First, add a line for node_modules to your .gitignore file (or have one generated really nicely by https://www.gitignore.io).

Then use this line on the command line to clear node_modules from your git:

git rm -r --cached node_modules

Then commit and push that change:

git commit -am "node_modules be gone!"
git push origin master

Success! Hooray! A neater git repo.

Very quick blog post just to remind myself and others how to force IE8 to display pseudo elements correctly!

Issue: IE8 is not showing pseudo elements on a child element of a parent that has just appeared. For example, pseudo elements on menu items aren’t appearing when the menu opens. They appear only once you’ve hovered over the element or interacted in some way.

Fix: Update the pseudo element on hover of its parent element.

A simplified example is below. We set the content value normally here:

ul.menu li ul li.parent > a:after {
  background: url("fancy-arrow-thing.png") no-repeat top right transparent;
  content: "";
}

Then on hover of its parent, we change its value to be one blank space:

ul.menu li:hover ul li.parent a:after {
  content: " " !important;
}

That seems to fix the bug! Hooray!

I’ve got a new SitePoint article up all about how to mute an incoming call using on{X}, the Leap Motion and NodeJS. It’s the same concept I presented at the Internet of Things Sydney Meetup and the Android User Group last month, a nice way to have it up and online for others to refer to and hopefully feel inspired to do something even more wizardly.

The article is up here:
http://www.sitepoint.com/controlling-android-phone-wave-finger/.

Exciting times! Technology is seriously a bunch of fun right now.

I’ve got a new SitePoint article up entitled “Accessing localhost from anywhere”. It is my first non-JavaScript focused article for SitePoint and is all about the various tunnelling services you can use to test your locally hosted sites online and show them to clients. That first time I saw my localhost visible on my phone via the web… oh the inner tech geek excitement!

If you’re interested in having a read, it’s over here:
http://www.sitepoint.com/accessing-localhost-from-anywhere/.

I have been spending the past month on a new Internet of Things set of experiments, this time with a focus on the Leap Motion controller. It’s a neat little device that detects hand motion.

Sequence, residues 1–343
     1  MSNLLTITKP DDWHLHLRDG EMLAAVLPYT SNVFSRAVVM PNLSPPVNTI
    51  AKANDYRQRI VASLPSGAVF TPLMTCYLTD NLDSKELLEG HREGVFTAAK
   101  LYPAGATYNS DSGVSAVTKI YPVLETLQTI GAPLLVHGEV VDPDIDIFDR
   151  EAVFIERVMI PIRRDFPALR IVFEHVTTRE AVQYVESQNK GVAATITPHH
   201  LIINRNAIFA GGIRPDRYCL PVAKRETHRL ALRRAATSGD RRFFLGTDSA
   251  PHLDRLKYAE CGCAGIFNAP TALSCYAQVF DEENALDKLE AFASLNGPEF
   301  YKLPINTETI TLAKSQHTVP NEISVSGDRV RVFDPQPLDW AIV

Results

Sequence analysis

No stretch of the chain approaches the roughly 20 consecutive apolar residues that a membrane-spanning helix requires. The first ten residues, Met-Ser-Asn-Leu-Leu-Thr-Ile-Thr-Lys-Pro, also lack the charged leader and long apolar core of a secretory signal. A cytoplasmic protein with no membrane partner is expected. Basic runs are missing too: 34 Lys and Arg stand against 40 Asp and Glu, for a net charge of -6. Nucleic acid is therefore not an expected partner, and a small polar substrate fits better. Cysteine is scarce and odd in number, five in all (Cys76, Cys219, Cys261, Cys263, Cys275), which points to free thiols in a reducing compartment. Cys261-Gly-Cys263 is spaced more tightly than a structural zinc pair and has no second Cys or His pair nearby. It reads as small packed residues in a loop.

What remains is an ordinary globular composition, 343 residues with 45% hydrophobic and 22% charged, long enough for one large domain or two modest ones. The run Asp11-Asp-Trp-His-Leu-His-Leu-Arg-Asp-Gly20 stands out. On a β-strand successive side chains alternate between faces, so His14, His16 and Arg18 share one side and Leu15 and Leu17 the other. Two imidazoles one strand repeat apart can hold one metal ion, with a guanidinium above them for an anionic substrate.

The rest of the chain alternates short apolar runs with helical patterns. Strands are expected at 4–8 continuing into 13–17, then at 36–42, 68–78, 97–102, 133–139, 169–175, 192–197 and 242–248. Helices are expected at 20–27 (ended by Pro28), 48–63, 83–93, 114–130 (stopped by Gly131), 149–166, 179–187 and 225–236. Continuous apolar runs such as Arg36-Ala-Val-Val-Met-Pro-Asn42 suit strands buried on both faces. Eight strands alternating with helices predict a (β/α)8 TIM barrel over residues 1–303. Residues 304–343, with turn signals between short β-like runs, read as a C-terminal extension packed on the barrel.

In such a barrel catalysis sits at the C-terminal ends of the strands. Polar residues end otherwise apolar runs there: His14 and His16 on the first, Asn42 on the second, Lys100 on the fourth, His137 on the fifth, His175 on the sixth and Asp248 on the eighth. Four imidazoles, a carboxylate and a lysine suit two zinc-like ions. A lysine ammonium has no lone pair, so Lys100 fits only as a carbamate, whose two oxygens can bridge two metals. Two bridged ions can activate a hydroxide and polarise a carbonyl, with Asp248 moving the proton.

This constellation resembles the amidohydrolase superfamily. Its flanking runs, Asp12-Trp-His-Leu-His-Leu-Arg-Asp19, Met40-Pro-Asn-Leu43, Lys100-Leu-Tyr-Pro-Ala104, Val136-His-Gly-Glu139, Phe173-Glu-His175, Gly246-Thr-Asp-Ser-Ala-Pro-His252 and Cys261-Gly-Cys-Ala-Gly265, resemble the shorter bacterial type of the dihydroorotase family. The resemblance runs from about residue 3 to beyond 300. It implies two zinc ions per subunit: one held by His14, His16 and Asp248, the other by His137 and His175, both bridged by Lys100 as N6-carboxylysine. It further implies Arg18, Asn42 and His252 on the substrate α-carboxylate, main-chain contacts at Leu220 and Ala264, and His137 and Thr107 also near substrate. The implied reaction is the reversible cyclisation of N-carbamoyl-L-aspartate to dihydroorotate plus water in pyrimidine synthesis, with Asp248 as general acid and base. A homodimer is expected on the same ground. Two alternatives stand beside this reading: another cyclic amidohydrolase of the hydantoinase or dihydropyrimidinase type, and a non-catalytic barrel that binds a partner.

I made three demos:

  1. Switching on different 8 LED lights on an Arduino with hand motions
  2. Muting an incoming phone call by circling my finger in the air as it rung, then nicely sending a busy message 😉
  3. Playing music in the air using hand movements and a MIDI Arduino shield

The demos were made to present specifically for the monthly IoT Sydney meetup which was held last night. It was a bunch of fun and if you’re into the Internet of Things, definitely try to get a spot in sometime.

I’m hoping to make videos showing the demos in action for anyone who couldn’t make it last night. Stay tuned!

For those that attended and anyone else who might be interested, my slides can be found here:
http://androidcontroller.herokuapp.com/

I’ve got the Call Controller code here:
https://github.com/patcat/Leap-Motion-Call-Controller

I’ve got the MIDI Controller code here***:
https://github.com/patcat/MIDILeap

I’ll be writing a proper tutorial regarding the LED lights soon, so haven’t put that up on Github just yet. A lot of the code is in the slides though for that one.

Special thanks go to Justin Mclean for organising a great event and allowing me to do a few demos, and to Andrew Fisher for giving me a hand with a few mind explosion moments with the MIDI Controller. They are both brilliant people!

*** Fun fact, that MIDI code actually can do something I forgot to mention in the presentation. If you hold your hand outstretched with all five fingers, find an instrument you like and then close your fist – you capture that instrument and it will stick to playing that one instrument until you open your hand once more.

After my recent obsession with new technologies and the Internet of Things, the team at Leap Motion was interested to know my thoughts on how their technology would fit in this new Internet enabled technology world. I thought it’d be a fun topic to explore and so wrote a guest post for them on that very topic!

If you’re interested in taking a look, it’s right here:
http://labs.leapmotion.com/where-will-motion-control-live-in-the-smart-environments-of-the-future/.

It was an absolute pleasure to work with the team at Leap Motion on this, I want to extend a huge thank you to them for the honour of a guest post on their site 🙂